Senator Ben Cardin (D-MD), who voted for the resolution last month, told Jewish Insider that even if the bill passes the House, he expects President Trump to exercise his veto. “My reaction is it’s telling that the legislative branch of government – which is the body that has, under our constitution’s ability to determine where American military should be – does not want our troops assisting the Saudis in Yemen and there’s good reason for that,” he said. “So the President’s an outlier and he’s using powers that I think our framers never intended to be used.”
FDD’s Jonathan Schanzer tells Jewish Insider: “The U.S. footprint in this conflict is minimal, to have Sunni allies against Shia proxies is not something that runs counter to American interests at the end of the day. My understanding is the Saudi’s have not done a terrific job in terms of wooing their friends in Congress. In the aftermath of Khashoggi, they angered a lot of staffers on the Hill by not being honest, by obfuscating, evading and eluding questions — we all know now how the Khashoggi affair rolled out and it was rather embarrassing for the Saudi’s.”
Washington Institute’s Dennis Ross: “US troops are not really playing a role in the Yemen war. The vote is more symbolic in terms of communicating Congressional unhappiness with the Saudis, with the Administration for not imposing some consequences for the Khashoggi murder, and with the inability to produce a new authorization of military force for our troops operating in the region. It is a reminder that getting any arms sales through the Hill for the Saudis is likely to remain very difficult.”
WATCH — Rep. Alexandria Ocasio-Cortez (D-NY) mocked White House senior advisor Jared Kushner for reportedly using WhatsApp to conduct sensitive conversations with Saudi Crown Prince Mohammed bin Salman (MBS) during a House Oversight and Reform Committee hearing on Wednesday: “I mean, really, what is next, putting nuclear codes in Instagram DMs?!? This is ridiculous.” [Video]
SPOTTED LAST NIGHT — Per a tipster, Rep. Ilhan Omar (D-MN) at the Soussi Hookah Bar & Lounge in D.C… Jared Kushner and Ivanka Trump were sighted dining alone at Nobu DC.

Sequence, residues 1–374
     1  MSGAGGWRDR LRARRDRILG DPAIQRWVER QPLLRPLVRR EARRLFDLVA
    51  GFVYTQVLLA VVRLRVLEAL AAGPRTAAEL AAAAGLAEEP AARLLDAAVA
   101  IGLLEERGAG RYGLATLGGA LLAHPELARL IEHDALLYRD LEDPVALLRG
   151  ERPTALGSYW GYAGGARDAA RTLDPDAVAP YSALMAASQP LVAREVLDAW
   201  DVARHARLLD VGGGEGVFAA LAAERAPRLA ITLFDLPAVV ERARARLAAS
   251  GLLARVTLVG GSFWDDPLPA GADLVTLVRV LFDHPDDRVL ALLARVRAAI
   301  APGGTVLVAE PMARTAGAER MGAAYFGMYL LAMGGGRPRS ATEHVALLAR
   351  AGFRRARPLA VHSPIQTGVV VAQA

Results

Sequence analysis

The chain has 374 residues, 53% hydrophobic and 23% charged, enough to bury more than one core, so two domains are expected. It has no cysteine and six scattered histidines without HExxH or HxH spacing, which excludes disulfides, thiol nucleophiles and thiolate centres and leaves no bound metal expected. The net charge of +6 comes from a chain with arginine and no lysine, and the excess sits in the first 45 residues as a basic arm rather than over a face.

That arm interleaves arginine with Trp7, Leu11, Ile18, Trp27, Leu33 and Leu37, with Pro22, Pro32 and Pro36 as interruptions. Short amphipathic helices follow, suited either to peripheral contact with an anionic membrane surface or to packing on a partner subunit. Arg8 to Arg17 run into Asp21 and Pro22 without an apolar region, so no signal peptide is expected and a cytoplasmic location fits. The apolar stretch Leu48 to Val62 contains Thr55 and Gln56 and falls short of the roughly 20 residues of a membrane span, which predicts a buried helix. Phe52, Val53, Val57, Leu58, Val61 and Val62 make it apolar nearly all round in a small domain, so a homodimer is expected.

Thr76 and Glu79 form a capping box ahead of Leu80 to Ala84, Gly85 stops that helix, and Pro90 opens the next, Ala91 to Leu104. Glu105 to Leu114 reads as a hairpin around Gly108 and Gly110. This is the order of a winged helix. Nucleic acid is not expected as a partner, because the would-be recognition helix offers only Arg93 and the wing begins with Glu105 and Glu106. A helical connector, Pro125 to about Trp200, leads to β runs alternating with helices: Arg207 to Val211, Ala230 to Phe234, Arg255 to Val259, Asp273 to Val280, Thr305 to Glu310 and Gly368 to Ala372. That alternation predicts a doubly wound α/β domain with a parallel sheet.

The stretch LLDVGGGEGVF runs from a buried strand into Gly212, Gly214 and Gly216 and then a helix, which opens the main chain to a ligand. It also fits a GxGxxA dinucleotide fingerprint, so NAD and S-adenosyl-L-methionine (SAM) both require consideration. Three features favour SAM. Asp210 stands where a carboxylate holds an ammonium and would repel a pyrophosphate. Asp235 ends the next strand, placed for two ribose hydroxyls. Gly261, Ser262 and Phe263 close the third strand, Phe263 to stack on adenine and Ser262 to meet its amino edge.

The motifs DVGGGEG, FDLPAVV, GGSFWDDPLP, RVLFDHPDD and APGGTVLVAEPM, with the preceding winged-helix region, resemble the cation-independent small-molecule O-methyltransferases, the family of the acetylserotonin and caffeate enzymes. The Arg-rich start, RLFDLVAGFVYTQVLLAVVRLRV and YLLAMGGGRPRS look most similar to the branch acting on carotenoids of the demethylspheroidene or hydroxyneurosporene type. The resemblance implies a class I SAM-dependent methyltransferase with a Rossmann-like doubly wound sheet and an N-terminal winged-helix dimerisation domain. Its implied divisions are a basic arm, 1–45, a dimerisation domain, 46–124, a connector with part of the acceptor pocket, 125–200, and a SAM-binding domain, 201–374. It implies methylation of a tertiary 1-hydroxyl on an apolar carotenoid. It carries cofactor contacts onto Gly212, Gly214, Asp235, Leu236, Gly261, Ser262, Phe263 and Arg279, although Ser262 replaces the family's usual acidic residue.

INSIDE THE WHITE HOUSE — Axios’ Jonathan Swan reports: Trump looked at replacing Fed chair Jay Powell with Kevin Warsh, the son-in-law of Trump whisperer Ronald Lauder, who was considered for the job last year. Trump ultimately chose Powell at the strong urging of Treasury Secretary Steven Mnuchin. The Wall Street Journal’s Nick Timiraos and Alex Leary report that Trump blasted Powell at three meetings in the past week, telling senators and others that if not for Fed rate increases, “economic output and stocks would be higher and the U.S. budget deficit would be rising less.”
INBOX — Former DHS Secretaries Michael Chertoff and Jeh Johnson will co-chair a new Community Safety and Security Task Force convened by the Anti-Defamation League (ADL) and the Secure Community Network (SCN), the homeland security and safety initiative of The Jewish Federations of North America and the Conference of Presidents of Major American Jewish Organizations. The task force will work to enhance the safety, security and resiliency of religious communities.
FDD’s Mark Dubowitz writes… “Build an Iranian Sanctions Wall: Democrats are talking about re-entering the 2015 Iran nuclear deal if they defeat President Trump next year… There’s plenty more the Trump administration can do. The U.S. could combine economic coercion, including driving Iranian oil exports to zero (as administration officials have promised to do), with greater support for Iranians, who have protested on the streets since December 2017… That might cripple key sectors of the economy and lead to larger protests, similar to those that hit the shah in 1978 and 1979… The administration could also build a wall of additional sanctions that a pro-Tehran successor could not easily dismantle.” [WSJ]
2020 WATCH — Joe Biden’s tactile politics threaten his return in the #MeToo era… Sen. Bernie Sanders (I-VT) raised $18 million in the first quarter of presidential campaign… Former Gov. Terry McAuliffe is ‘very close’ to a decision on a 2020 run that would emphasize his pro-business record in Virginia… Mayor Pete Buttigieg hits LA to boost Hollywood support… Buttigieg spoke to the New Yorker on how he plans to win the Democratic nomination and defeat Trump…